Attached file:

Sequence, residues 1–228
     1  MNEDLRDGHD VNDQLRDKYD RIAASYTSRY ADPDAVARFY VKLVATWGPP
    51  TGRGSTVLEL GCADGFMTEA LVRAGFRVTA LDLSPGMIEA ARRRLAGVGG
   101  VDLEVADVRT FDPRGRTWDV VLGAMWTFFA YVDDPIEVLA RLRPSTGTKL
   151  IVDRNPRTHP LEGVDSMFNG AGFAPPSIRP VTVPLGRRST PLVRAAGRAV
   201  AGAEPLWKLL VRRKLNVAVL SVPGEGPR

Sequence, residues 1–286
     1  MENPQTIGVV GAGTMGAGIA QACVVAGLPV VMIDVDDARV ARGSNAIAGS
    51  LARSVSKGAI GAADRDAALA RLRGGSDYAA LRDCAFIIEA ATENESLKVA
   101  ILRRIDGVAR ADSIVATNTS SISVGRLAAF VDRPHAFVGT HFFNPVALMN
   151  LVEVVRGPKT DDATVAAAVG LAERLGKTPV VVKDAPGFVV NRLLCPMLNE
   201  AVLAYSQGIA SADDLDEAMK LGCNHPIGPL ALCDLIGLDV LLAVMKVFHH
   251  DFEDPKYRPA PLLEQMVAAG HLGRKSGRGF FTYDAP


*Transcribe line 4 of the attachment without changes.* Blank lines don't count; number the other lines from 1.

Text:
   101  VDLEVADVRT FDPRGRTWDV VLGAMWTFFA YVDDPIEVLA RLRPSTGTKL